As we started to process the material, we were delighted at the quality of dabs but worried about yield.  We discussed average yield rates we were familiar with and this guy's trim total seemed to be falling just short of the lower end of what's expected.  We were pretty worried about this the whole time, as we knew that the yield percentage would make or break whether or not we kept this job.  The guy was clearly east coast, not west coast enough to keep us on because he feels bad about our position.  He gave us a shot, and that's better than what a lot of people would have done in his position.

We did our best to increase yields, with little result. What changes helped, we kept to get the most we could out of the product.  We even took to heating the cans at a point, to help increase the pressure within them for better extraction. We did everything we could and basically got the bare minimum.  This isn't really something we could control at a certain point; if there's not more to extract we can't extract it.  

The quality of the trimmings was a bit overstated by the guy.  He made it sound like there was a lot of bud material due to mold, but we really didn't find any more buds than we would in general trimmings. We quickly found that this was his first year at growing, his attempt to get rich on the Oregon weed market. So he honestly didn't know what a lot of bud material was in terms of trim.  It also explained his barely average yields, he was using a nutrient system, following it like a recipe without any thought of his own needed.  

We worked on finishing the job and if I remember correctly, there was some lateness involved.  We either didn't finish in time, or our ride was no longer able to take us.  We ended up rescheduling to meet once again, at the same place we did before.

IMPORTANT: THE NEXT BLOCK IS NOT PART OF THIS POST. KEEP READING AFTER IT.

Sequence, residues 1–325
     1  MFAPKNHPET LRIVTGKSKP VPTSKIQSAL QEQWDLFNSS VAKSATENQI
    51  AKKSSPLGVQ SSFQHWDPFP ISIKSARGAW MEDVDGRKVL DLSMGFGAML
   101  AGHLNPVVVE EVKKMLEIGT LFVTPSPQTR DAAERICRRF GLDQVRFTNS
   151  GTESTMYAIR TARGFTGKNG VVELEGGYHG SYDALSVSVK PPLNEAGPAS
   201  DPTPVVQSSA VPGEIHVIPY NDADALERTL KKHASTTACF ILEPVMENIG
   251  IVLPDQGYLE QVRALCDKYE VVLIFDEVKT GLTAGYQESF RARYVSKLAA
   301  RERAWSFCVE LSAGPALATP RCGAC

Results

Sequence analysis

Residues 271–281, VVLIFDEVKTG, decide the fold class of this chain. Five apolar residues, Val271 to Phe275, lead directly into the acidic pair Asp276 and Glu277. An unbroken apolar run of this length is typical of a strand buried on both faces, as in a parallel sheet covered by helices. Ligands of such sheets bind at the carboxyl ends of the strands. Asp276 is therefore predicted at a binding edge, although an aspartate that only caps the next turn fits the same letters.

We got his cut of the yield prepared, John shaped it into a bar hoping the gold bar would appeal to the east coaster.  We traveled back to that home depot parking lot, where he was once again waiting with his hummer.  We gave him his cut and explained the yield situation.  While he seemed disappointed, he was prepared to give us more trim and butane, for another round.  We explained that when trimmings are kept in bags, the heavier material sinks to the bottom.  This generally causes a phenomenon where the yield seems to increase as you work through the bag, because all of the good stuff has sunk to the bottom.

Armed with more trim and butane, we set off back to the farm again.  We weren't sure the job would extend beyond that day, but it did.  We got another several pounds as well as the butane we needed to process things.  It seemed that things were going to work out, temporarily speaking at least, so long as we still had a place to process things.  As time wore on, this task got more difficult to achieve, but more on that later. For now, it was time to go home, do some dabs and celebrate that we still had a job...for the time being. 

All photos and content in this post are mine and original.  The story is true to the best of my memory.